About COG

Join COG today and help us care for Canberra’s birds

Canberra and the surrounding region has the richest bird life of any Australian capital city – over two hundred species have been recorded here. From our largest bird, the Emu, to the smallest, the Weebill, the birds of Canberra present an ever-changing kaleidoscope of sizes, shapes, colours and sounds. Click here for some of the native birds most commonly found in Canberra’s suburban gardens, parks and bushland.

Objects and Purposes

  • to encourage interest in, and develop knowledge of, the birds of the Canberra region;
  • to promote and co-ordinate the study of birds
  • to promote the conservation of native birds and their habitat.

What We Offer

  • Monthly meetings – with informative and entertaining expositions by experts, local, national and from overseas. Meetings are friendly and informal, providing excellent opportunities for members to exchange information and seek advice from the expert and the experienced.
  • Field trips – regular outings are held in places of ornithological interest in and around the Canberra region. These are ideal opportunities for beginners to share the bird watching experience and to learn from the more expert in the field. Weekend expeditions to more remote destinations are held at least twice a year.
  • Publications – all COG members receive our journal, Canberra Bird Notes, which contains contributions by COG members on the local scene. Gang-gang, our monthly newsletter, keeps members up to date with meetings, outings and other news.
  • Surveys – COG conducts a wide variety of surveys covering birds of Canberra’s gardens, and lakes and bushland in the Canberra region. Surveys not only provide a useful focus for bird watching, but produce important information on which conservation policies can be based. The preservation of Mulligan’s Flat nature reserve is a good example of how survey information has influenced government policy.
  • Discounts – by placing bulk pre-publication orders for new bird books, COG is able to buy books at a considerably reduced rate. Savings of 20-30% of normal retail price are passed on to members.

Download or print the Canberra Birds brochure

COG Constitution

To download a copy of the COG Constitution, click here .

The Challenge

All around us birds are under threat. From housing, roads, logging, mining, and poor land management. Each year, valuable habitat is destroyed and birds are forced to retreat against advancing development. Feral cats prey on young bush birds, wild pigs destroy irreplaceable wetlands and aggressive introduced species drive Australian birds from their niches. Times are very tough for our birds. We must act now.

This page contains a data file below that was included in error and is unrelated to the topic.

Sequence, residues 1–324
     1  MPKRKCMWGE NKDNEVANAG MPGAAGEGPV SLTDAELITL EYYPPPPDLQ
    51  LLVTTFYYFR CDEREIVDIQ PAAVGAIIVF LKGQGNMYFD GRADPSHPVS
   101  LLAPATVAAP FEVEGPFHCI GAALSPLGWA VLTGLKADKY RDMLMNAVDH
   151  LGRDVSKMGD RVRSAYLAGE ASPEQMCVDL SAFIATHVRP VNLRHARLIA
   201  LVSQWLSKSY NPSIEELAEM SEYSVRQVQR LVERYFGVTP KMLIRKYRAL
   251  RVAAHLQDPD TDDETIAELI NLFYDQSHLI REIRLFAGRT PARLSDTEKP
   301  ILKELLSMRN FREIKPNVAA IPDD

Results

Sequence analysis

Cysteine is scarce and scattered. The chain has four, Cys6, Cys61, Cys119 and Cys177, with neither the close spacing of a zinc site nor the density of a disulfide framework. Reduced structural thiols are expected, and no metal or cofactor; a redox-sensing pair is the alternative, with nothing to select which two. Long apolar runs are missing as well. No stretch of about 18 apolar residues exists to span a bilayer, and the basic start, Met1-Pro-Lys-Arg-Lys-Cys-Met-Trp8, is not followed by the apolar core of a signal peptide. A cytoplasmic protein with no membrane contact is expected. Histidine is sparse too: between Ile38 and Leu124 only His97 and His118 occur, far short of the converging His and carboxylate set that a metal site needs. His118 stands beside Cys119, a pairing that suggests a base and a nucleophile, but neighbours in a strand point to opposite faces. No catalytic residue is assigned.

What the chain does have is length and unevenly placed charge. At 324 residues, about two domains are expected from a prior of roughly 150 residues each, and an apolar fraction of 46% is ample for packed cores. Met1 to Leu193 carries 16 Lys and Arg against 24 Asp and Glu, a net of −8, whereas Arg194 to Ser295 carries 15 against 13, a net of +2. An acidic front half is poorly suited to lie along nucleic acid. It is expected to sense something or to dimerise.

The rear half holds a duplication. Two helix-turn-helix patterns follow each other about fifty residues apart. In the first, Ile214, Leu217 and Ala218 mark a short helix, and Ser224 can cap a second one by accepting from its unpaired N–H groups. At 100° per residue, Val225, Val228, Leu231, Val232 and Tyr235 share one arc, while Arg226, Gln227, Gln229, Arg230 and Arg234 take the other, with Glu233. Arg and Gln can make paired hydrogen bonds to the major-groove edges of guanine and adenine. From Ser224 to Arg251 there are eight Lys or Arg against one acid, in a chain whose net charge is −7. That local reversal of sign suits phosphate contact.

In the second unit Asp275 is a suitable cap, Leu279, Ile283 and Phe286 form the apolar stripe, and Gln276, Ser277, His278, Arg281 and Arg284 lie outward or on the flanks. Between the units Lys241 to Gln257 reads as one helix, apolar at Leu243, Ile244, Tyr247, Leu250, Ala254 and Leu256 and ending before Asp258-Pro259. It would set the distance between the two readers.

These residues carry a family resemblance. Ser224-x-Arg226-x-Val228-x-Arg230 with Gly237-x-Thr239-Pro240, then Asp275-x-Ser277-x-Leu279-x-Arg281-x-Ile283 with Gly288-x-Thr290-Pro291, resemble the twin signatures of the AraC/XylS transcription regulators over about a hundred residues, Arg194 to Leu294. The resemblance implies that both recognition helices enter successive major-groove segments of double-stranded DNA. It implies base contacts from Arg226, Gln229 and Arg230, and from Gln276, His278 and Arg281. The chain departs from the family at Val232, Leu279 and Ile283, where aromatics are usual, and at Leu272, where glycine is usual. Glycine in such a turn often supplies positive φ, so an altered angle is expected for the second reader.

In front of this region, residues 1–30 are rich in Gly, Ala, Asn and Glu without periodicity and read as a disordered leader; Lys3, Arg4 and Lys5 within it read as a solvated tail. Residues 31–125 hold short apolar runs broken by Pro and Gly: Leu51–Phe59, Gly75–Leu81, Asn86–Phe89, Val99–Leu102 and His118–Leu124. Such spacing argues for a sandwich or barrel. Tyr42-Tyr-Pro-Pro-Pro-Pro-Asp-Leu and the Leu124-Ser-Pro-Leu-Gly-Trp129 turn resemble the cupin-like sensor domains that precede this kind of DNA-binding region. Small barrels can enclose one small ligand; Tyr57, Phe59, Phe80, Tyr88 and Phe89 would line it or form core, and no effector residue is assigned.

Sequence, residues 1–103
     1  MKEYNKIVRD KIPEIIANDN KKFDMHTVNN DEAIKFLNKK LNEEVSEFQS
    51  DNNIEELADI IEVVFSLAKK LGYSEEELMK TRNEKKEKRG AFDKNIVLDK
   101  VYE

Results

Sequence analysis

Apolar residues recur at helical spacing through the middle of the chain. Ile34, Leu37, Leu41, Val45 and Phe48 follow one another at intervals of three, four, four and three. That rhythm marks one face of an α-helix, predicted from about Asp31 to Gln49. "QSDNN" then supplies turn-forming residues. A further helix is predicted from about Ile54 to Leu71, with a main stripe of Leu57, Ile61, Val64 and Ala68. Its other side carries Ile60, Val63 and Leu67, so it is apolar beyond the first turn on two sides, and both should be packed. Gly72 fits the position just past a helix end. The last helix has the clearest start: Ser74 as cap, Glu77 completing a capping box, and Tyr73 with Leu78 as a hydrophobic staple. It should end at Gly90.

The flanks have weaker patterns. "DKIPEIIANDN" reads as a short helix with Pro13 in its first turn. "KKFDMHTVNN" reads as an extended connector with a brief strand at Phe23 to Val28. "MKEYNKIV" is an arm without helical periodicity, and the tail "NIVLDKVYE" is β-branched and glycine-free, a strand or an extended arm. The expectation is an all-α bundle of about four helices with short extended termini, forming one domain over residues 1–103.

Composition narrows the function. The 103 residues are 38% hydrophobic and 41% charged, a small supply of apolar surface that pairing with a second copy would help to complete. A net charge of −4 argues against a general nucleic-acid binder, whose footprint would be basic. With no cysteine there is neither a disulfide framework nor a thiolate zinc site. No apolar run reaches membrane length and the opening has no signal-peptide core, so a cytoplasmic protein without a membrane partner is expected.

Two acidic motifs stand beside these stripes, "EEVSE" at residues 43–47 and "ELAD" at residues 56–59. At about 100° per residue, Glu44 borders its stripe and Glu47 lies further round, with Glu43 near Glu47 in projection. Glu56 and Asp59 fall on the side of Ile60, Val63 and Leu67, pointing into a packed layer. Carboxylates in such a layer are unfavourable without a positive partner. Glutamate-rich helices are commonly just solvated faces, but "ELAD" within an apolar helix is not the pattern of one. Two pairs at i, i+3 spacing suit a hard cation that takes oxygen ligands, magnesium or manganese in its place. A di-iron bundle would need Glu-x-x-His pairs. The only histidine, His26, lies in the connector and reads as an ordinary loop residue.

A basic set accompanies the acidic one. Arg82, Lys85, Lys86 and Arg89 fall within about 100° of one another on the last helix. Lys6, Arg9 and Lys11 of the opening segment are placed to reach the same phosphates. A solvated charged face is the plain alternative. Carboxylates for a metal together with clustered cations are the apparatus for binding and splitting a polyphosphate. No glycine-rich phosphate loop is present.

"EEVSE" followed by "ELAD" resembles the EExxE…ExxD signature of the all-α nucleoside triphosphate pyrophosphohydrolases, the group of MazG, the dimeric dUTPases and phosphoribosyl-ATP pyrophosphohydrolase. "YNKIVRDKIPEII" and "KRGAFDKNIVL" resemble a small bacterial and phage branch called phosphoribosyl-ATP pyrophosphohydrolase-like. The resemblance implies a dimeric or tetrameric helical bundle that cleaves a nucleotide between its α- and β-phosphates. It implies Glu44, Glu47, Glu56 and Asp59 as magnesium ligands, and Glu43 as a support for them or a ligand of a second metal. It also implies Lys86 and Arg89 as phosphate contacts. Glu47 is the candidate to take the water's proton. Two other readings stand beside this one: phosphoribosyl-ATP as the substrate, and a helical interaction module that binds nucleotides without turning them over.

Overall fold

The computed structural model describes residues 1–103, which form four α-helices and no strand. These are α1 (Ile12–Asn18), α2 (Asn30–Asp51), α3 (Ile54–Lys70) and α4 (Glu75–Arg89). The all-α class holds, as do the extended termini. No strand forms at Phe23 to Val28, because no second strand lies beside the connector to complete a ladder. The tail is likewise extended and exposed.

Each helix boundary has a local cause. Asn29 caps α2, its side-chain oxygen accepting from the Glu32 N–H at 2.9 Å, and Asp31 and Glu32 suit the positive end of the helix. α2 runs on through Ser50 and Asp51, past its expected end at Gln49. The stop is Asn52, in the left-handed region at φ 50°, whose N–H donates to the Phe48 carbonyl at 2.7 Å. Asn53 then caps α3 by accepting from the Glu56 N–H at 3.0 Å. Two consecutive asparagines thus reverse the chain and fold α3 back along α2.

Yet far too little is known about our birds and their requirements for survival. Where and when do they breed? What habitats do they occupy? Do they migrate, where do they go? What foods do they eat? How will further development affect them?

The Group

To ensure a future for birds of the Canberra region, we must learn more about their habits, nesting, feeding and migration.

Canberra Ornithologists Group is committed to meeting the challenge of the study and conservation of native birds. From small beginnings 50 years ago, COG has grown into a large, effective and influential organisation that supports research and puts its case on conservation issues.

We welcome anyone with an interests in birds: beginning birdwatchers, amateurs and professionals as well as those with a general interest in nature.

COG Welcomes New Members

People with an interest in birds are most welcome to participate in COG meetings and local field trips and bird wallks. Children, accompanied by an adult, are particularly welcome. Pets should not be taken on field trips. To join COG, click here.

Do your best and never give up

What was one of the rarest birds in the world, the Mauritius Kestrel, survives-the result of the intensive efforts of a few dedicated conservationists, backed by European and North American fundraising. In 1974 there were only four such kestrels in the wild. Now in 1998, according to the February issue of On the Edge, a news magazine published by the Jersey Wildlife Preservation Trust, ‘there are … 540 kestrels flying free in Mauritius, more than at any time this century’.

Good news indeed. The work put in by professional conservationists and volunteers has paid off.

The more we know and understand about birds, the better placed we are to ensure that they are here for the long haul.

Locally, this applies not only to vulnerable species like the Regent Honeyeater and Superb Parrot, but to currently more abundant species as well. And it applies to you, whether you are a fully employed conservationist or a casual weekend observer. We can’t all be experts, but we can all do our bit to help. Simple contributions like undertaking the Garden Bird Survey at home, volunteering to take part in the Atlas or woodland survey, contributing to the functions of the Conservation Council, or helping on the COG committee, all help to understand birds and to ensure that they are around for future generations.

Alistair Bestow